In My Own Words: Day of Silence
By Amber Hatcher
I’ve always been treated differently by other kids at my school. From an early age, I was bullied by other students for being different. In fact, other kids were making fun of me for being a lesbian even before I came out to myself. Because of the bullying, I feel like I have to be on guard all the time. And it’s hard to pay attention in school when other students are throwing spitballs at me.
Although I have a group of friends who won’t harass me for who I am, the bullying I’ve experienced has really shaped me. When I see other people get bullied, I can’t just stand there and watch. I can’t stand back because I know how it feels when it happens to me. I want to do something to help the other students.
I’ve always been interested in learning about social justice issues, and so when I heard about GLSEN’s Day of Silence, the annual anti-bullying observance in support of lesbian, gay, bisexual and transgender (LGBT) students, I was inspired to be a part of it. Two girls in my class who had also experienced bullying told me about Day of Silence and even then they said the school administration was keeping kids in the high school from participating.
Last April, as thousands of students across the country prepared to remain silent to call attention to the silencing effect of anti-LGBT bullying and harassment in schools, I asked for permission from my principal nearly a month before the event and provided information from GLSEN and Lambda Legal that explained the observance and students’ legal right to participate. I did everything by the rules, but the principal repeatedly told me that I could not participate and threatened that there “would be consequences” if I did, even calling my parents and suggesting that they keep me home from school. Lambda Legal even sent a letter to Principal Fusco and Superintendant Cline letting them know that it students have a right to observe GLSEN’s Day of Silence, but they ignored it. Instead, the Principal sent an email to all teachers telling them to send anyone that appeared to be participating in the event to the office. Not too long after I arrived at school wearing a red t-shirt with the message “DOS April 20, 2012: Shhhhh”, I was called to the dean’s office and suspended from school for the day.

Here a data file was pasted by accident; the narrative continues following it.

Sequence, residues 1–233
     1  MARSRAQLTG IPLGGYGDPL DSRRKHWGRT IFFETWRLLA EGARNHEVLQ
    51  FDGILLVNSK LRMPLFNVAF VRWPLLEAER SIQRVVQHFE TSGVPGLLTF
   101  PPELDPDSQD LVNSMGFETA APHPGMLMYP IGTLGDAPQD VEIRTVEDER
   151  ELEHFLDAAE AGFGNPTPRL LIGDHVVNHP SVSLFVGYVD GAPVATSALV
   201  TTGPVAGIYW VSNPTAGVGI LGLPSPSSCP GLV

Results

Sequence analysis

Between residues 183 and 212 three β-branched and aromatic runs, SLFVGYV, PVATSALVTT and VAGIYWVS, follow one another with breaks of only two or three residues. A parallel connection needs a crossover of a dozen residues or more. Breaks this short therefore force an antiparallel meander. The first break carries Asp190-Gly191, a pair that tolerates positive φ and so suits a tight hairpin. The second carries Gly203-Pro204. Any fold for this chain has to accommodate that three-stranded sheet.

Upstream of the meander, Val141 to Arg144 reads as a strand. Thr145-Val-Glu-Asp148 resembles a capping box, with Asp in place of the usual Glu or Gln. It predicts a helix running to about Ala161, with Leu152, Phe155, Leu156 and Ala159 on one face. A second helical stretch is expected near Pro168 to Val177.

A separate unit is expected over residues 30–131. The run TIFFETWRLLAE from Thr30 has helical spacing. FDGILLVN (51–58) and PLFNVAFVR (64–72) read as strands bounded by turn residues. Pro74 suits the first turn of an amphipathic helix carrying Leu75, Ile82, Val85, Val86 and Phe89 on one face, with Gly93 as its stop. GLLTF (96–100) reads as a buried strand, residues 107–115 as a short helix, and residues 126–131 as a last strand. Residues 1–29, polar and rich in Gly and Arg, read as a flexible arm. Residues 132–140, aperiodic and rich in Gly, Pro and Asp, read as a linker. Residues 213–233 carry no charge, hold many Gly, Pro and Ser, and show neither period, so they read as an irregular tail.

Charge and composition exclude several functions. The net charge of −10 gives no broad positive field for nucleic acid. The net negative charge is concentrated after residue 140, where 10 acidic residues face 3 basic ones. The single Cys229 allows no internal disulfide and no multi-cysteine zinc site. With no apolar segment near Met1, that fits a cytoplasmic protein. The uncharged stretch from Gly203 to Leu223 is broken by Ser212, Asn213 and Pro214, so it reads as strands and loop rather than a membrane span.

When they told me that I was suspended I was filled with a mixture of so many emotions. I was really surprised that the school administration had the gall to keep me from participating in Day of Silence even though it was my constitutional right to do so. I was really hurt that they could be so closed-minded. I was really angry, too.
Because of Lambda Legal’s work in federal court to make sure that what happened last year doesn’t happen again, I think that this year will be different and that we will be able to participate in this year’s Day of Silence without getting in trouble. My wish for the Day of Silence this year is for my school to help me create an accepting environment for LGBT kids, not single me out for punishment. I want kids not to worry about being shut down. There are many LGBT kids in my school who have been bullied and harassed and who feel unsafe. I just want to stand up for all the kids in my school, gay or straight, who don't feel like they have a voice to stand up for themselves.
I think it may be tense and it may be awkward, but this year’s Day of Silence is going to happen. It will raise awareness and change some students in the school. I have no doubt about it.